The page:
Despite surgical and medical advances, the prognosis for patients with malignant gliomas remains grim. To address this challenge, we propose a program that will combine-for the first time-two major advances in technology for treating diffuse malignant glioma: novel drugs that target glioma stem cells (GSCs) and new nanotechnology-based delivery systems designed for use with convection-enhanced delivery (CED). We believe a biology-based design approach, in which we select drugs that have high activity against the cells that are most important in the persistence of brain tumors, will allow us to design controlled release nanoparticles for CED of drugs that are optimized for the treatment of gliomas. In this project, we will test the hypothesis that drug-loaded, polymer nanoparticles can be delivered to brain tumors by CED, and that loading these nanoparticles with drugs specifically selected for their biological activity against GSCs can enhance treatment of intracranial tumors. We will test this hypothesis by completion of an inter-related set of specific aims: optimization of the properties of nanoparticles for most effective delivery via CED;characterization of novel agents with enhanced activity against GSCs;and controlled delivery of novel agents for treatment of intracranial human gliomas in immunocompromised rats.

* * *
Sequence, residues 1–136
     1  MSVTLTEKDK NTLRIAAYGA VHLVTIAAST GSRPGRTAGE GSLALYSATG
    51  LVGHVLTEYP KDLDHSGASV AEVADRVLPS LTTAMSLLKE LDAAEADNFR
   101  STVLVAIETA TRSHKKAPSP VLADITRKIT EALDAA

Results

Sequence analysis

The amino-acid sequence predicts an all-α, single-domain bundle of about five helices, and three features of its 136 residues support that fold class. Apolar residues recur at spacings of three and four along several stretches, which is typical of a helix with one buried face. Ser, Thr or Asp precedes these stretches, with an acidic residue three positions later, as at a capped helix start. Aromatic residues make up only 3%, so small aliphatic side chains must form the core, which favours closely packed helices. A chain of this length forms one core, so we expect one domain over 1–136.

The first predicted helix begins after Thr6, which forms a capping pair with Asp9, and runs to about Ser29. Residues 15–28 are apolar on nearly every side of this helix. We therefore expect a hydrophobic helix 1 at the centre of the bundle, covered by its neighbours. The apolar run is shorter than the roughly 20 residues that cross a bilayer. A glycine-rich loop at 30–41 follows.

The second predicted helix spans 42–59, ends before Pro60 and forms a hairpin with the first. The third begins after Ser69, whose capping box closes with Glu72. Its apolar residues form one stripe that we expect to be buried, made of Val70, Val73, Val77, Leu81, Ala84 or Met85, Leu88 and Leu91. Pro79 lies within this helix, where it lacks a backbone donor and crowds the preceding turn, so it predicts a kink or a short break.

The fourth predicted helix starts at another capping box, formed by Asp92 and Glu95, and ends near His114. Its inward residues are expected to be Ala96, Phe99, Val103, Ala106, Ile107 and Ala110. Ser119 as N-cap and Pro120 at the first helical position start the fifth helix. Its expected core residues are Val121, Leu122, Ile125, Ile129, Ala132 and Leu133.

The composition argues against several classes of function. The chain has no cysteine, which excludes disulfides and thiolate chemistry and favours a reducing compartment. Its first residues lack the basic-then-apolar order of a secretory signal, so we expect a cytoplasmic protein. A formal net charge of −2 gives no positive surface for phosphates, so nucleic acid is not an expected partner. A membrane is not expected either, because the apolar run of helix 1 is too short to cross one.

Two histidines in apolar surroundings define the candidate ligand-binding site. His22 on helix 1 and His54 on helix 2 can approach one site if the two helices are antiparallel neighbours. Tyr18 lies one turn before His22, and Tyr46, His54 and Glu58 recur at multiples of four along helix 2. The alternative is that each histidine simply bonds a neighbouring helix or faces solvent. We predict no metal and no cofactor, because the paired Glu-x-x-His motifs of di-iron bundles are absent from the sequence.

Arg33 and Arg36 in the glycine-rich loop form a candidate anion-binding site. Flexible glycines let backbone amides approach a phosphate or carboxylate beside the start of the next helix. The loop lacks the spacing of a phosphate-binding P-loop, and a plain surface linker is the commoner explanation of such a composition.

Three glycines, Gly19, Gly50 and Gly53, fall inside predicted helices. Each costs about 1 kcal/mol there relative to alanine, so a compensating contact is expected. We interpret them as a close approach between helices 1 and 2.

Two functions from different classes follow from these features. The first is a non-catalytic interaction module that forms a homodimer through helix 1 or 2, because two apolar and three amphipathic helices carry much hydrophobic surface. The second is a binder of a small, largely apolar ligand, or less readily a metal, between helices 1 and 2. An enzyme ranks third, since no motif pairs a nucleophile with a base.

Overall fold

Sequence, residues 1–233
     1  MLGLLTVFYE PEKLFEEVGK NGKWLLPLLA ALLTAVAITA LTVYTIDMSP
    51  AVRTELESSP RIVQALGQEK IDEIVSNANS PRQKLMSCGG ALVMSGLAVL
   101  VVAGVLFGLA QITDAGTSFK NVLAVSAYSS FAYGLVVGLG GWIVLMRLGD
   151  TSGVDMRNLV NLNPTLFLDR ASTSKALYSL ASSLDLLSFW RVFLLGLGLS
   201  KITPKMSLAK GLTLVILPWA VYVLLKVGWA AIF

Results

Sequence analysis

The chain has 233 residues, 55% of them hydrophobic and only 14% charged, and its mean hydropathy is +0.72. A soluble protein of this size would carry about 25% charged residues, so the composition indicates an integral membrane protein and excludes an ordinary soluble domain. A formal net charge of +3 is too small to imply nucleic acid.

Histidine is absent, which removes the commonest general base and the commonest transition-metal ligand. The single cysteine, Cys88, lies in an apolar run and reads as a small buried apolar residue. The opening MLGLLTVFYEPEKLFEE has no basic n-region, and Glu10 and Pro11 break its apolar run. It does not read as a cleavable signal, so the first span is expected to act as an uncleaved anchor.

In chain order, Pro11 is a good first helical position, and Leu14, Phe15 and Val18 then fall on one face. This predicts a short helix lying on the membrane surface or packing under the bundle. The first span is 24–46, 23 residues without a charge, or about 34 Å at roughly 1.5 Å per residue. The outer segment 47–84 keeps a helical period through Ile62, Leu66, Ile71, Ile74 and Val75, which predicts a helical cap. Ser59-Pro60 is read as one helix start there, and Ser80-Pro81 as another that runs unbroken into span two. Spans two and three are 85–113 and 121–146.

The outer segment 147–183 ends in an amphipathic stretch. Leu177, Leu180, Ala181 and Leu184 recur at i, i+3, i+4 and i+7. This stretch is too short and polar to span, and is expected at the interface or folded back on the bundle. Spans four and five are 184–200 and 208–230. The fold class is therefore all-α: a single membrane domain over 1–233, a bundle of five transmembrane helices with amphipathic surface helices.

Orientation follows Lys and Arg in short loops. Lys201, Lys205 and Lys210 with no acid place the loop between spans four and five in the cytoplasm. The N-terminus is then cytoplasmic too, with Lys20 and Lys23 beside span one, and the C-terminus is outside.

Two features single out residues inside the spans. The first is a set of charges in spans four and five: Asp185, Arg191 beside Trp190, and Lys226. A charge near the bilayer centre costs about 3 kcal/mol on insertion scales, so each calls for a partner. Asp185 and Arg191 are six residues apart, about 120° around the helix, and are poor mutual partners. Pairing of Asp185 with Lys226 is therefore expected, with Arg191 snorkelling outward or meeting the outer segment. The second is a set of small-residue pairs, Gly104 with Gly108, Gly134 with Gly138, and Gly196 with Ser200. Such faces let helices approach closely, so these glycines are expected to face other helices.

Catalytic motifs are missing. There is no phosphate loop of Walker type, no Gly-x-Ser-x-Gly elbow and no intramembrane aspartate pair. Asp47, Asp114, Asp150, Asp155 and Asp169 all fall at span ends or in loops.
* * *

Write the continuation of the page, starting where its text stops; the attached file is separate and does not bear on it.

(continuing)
Public Health Relevance

Malignant gliomas are the most common primary malignant brain tumors in adults. More than 15,000 new cases are diagnosed in the United States each year. This research project will result in the development of new methods for the treatment of malignant gliomas.

National Institute of Health (NIH)
National Cancer Institute (NCI)
Research Project (R01)
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Bioengineering, Technology and Surgical Sciences Study Section (BTSS)
Program Officer
Fu, Yali
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Yale University
Engineering (All Types)
Schools of Engineering
New Haven
United States
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